An epidural?

I had an epidural and a little button to press when the pain came along. And that was a great comfort to me because at one stage before I realised I could help myself the pain got quite bad. And seemingly they had told me to press this button but I must've been in a daze and I'd forgotten so they came over and said "You don't even feel the slightest tinkle, you press the button and we don't want you feel anything at all." So that, I mean in future I used the button.

 

Describes the epidural and morphine pump that he used for pain control after his pneumonectomy.

Describes the epidural and morphine pump that he used for pain control after his pneumonectomy.

Age at interview: 70
Sex: Male
Age at diagnosis: 70
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And I was strapped up with epidural and what is that thing called, morphine, and then I had to breathe in this machine which was giving me oxygen and all that there. And I didn't use half the morphine because I wasn't in pain.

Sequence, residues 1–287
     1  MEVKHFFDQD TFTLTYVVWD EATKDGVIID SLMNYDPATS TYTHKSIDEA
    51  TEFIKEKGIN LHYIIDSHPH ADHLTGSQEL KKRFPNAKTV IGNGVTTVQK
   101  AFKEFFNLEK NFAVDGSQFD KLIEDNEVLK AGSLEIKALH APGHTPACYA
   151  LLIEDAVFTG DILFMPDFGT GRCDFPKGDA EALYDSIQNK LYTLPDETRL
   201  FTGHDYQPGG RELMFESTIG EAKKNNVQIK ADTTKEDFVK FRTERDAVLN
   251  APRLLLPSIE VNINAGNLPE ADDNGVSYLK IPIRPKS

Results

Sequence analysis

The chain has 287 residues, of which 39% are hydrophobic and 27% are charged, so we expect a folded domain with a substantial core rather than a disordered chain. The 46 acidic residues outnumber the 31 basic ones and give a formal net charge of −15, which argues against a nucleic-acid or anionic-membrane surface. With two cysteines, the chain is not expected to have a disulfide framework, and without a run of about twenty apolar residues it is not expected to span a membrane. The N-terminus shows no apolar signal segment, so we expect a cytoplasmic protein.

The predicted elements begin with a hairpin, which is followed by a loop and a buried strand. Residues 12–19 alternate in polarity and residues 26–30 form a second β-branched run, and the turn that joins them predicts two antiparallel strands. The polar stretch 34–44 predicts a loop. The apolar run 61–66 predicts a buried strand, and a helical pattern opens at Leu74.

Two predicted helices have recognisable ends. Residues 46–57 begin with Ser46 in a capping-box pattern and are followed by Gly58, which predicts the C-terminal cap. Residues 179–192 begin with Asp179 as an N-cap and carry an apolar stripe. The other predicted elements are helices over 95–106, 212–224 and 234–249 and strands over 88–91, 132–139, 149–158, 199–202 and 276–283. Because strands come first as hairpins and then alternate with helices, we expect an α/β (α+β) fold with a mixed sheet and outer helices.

That's good.

I wasn't in pain to be honest. Although they was giving me pain pills every so often and water pills and I think I had a steroid at one stage, probably that killed all the pain but I never experienced any pain at all.

Did the epidural stop the pain?

It must've done because it was in my back, two little tubes or three tubes in my back, it must've stopped the pain because I never received, I never got no pain.

Oh that's good.

I can't say I got any pain but I was taking pain killers and I didn't, well I suppose I had to take them, they made me take them you know.